Q&A With Paul Furiga of WordWrite
We recently interviewed Paul Furiga, president and chief storyteller of WordWrite, a strategic communications firm in Pittsburgh. WordWrite focuses on B2B clients in healthcare, manufacturing and professional services. Paul’s book, Finding Your Capital S Story, Why your Story Drives your Brand, publishes this month.
A veteran of four decades in journalism and PR, we caught up with him on the importance of sharing what he calls your Capital S Story in the information-overloaded marketplace of ideas that PR pros face.
Tell us how storytelling came to be the focus for you and your agency?
I spent two decades in journalism before I entered agency work. I covered everything from murders and abuse investigations to Congress and the White House. I wrote more than 10,000 stories. As an editor, I helped shape another 10,000. That prepared me well to work with organizations who need to share their best story to drive results. When I started WordWrite in 2002, we put all that storytelling firepower to work. As we infused story into everything we did, we developed the concept of the Capital S Story, the story above all other stories. Every organization has a Capital S Story, it’s the story that answers why someone should buy from you, work for you, invest in you or partner with you.
Tell us about your book — why did you write it?
Finding Your Capital S Story is the sum of a lot of storytelling lessons. It provides a roadmap to storytelling success for business leaders who don’t understand why their marketing doesn’t reflect the true character of their company, who wonder why their marketing doesn’t get better results, and who don’t understand how to get results from marketing. You can learn more here: https://www.wordwritepr.com/find-your-capital-s-story. You can buy the book here: https://www.amazon.com/Finding-Your-Capital-Story-Drives/dp/1733032207/
What experiences have most shaped your professional outlook?
A few stand out. First is the importance of authenticity in sharing your story. Second is having the right storytellers sharing that story. And third is continually ensuring that your story is engaging the audiences you want to reach. Success comes when you share your Capital S Story from a place of truth, use experts who know you best to share it and constantly measure engagement with your audiences to ensure they participate in it.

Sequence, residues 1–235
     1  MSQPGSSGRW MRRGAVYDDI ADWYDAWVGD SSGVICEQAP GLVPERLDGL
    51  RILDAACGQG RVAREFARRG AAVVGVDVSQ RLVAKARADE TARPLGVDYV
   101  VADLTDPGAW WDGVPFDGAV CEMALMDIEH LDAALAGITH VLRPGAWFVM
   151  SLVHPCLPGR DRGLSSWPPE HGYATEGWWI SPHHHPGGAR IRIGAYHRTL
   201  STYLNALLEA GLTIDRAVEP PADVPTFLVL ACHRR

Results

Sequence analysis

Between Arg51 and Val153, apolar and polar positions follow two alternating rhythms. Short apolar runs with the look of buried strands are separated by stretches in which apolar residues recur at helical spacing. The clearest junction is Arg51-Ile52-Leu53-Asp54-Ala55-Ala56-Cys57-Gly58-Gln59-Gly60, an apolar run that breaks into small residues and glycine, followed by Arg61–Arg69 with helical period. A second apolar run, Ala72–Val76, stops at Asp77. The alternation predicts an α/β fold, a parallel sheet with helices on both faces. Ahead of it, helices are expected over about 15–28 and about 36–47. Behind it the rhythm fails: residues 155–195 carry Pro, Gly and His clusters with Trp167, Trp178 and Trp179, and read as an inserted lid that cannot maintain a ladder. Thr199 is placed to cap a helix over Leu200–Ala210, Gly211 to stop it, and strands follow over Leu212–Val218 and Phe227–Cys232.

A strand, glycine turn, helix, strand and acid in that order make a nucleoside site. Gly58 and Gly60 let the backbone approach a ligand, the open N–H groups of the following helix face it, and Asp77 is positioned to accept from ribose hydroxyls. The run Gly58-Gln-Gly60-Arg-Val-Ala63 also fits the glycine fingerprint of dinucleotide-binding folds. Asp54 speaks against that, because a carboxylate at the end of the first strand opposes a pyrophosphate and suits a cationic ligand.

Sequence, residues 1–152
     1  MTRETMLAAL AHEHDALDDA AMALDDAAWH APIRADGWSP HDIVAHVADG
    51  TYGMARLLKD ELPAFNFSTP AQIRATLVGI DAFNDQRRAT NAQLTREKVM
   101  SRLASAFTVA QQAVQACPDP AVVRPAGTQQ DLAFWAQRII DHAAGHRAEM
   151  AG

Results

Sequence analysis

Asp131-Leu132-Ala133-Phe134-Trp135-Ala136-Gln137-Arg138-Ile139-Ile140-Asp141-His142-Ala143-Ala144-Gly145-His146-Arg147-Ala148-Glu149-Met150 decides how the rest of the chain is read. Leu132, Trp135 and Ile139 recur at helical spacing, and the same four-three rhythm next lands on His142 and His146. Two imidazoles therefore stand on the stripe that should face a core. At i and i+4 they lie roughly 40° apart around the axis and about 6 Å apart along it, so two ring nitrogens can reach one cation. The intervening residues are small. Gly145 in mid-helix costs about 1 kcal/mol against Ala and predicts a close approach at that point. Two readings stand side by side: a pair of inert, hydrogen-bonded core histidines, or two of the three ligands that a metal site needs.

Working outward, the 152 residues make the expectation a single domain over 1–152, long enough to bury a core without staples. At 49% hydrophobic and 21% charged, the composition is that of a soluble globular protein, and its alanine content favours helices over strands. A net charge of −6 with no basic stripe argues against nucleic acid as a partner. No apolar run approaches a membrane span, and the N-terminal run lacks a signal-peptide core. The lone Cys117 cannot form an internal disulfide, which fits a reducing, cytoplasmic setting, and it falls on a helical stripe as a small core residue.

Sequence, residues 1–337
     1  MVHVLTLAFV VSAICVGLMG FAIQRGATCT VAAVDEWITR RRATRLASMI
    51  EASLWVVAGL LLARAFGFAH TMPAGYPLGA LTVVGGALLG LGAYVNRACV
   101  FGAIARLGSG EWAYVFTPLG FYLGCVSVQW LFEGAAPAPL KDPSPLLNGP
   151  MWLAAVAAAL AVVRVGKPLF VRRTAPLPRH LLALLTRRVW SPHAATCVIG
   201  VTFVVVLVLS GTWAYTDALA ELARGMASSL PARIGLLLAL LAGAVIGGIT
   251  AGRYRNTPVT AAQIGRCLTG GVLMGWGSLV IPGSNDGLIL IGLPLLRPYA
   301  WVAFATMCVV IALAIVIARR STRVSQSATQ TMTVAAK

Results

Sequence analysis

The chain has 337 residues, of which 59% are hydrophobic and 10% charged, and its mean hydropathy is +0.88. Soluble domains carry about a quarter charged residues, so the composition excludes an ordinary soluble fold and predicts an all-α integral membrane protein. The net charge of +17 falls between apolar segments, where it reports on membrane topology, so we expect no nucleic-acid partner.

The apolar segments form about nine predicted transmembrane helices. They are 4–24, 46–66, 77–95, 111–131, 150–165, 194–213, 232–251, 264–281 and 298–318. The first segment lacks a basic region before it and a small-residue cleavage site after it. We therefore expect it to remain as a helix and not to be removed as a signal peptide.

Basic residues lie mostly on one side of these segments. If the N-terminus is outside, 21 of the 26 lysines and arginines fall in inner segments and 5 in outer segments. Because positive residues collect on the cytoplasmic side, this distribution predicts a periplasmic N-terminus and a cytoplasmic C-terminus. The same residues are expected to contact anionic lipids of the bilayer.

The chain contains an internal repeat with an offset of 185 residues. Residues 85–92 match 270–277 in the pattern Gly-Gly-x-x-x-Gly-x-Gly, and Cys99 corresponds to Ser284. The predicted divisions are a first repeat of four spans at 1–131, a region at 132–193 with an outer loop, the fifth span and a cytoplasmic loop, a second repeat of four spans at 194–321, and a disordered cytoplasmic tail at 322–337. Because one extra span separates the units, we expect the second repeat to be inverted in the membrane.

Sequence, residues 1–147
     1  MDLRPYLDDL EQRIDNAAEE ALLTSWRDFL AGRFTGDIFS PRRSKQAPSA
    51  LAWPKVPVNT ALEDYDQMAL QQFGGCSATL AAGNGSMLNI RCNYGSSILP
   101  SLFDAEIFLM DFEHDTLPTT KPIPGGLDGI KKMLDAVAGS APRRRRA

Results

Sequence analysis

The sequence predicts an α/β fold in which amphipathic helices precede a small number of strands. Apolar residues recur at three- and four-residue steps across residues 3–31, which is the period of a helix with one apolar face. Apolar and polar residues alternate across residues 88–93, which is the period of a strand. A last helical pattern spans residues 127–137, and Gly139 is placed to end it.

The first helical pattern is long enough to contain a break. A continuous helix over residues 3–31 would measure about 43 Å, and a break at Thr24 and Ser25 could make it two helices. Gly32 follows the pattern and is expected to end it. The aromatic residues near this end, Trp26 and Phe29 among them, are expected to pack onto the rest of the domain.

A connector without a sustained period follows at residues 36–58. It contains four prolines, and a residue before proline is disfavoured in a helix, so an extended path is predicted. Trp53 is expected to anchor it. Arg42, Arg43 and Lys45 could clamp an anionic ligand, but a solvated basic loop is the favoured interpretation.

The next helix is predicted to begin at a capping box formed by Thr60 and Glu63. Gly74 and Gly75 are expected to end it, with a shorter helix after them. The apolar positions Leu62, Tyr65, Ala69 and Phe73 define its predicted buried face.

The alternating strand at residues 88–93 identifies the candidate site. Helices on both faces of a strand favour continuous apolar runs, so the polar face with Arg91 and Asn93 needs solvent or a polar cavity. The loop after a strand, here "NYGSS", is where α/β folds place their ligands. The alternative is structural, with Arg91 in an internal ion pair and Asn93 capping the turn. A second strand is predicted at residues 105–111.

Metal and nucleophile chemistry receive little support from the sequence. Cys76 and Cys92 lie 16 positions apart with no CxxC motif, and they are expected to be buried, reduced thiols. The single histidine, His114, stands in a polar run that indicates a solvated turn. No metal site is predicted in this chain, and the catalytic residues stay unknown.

How has COVID-19 affected the ability of PR pros to share their story?
This global pandemic, the economic troubles it spawned, and the social justice concerns we’ve seen have created multiple challenges for PR pros, their organizations and clients. (You can add in the presidential election and climate change too.) The combination of these factors means it’s never been more important to share your authentic Capital S Story. The audiences we want to engage are riding a storm-tossed ocean of vitriolic overload. They’re looking for beacons of truth in a roiling sea of confusion. Your Capital S Story is the most powerful marketing asset you own. It’s never been more important to share that story than now.
How do you advise PR professionals to navigate this time of uncertainty?
Uncovering, developing and sharing your Capital S Story is critical. In our work, we align our clients’ Capital S Story with classic storytelling archetypes to create what we call synaptic shortcuts. A synaptic shortcut is especially valuable now, when the brains of your audiences are stressed beyond belief, and their comprehension skills are sorely tested. A great example of a classic storyline is David versus Goliath. If your organization is the little guy taking on the giant, you don’t have to be a Biblical scholar to understand that storyline. You can streamline and empower your marketing and PR with these sorts of storylines because they require no explanation. The best stories and archetypes can be understood regardless of culture, education or economic attainment. That’s why they stand the test of time.
A contemporary example would be Southwest Airlines and its storytelling. Since its founding, Southwest has played the part of the outlaw archetype, much like a modern-day Robin Hood advocating for the everyperson traveler, freeing them from unnecessary baggage fees and other constraints that made travel difficult (back when we were still traveling).
As someone who comes at PR with a background as a writer and journalist, are there any storytelling words of wisdom you can leave with us?
Well, I have so many that we do a weekly storytelling quote! Here’s one that’s timeless, from the science fiction author Ursula Le Guin, who wrote more than 20 books, including A Wizard of Earthsea: “The story — from Rumpelstiltskin to War and Peace — is one of the basic tools invented by the human mind for the purpose of understanding. There have been great societies that did not use the wheel, but there have been no societies that did not tell stories.”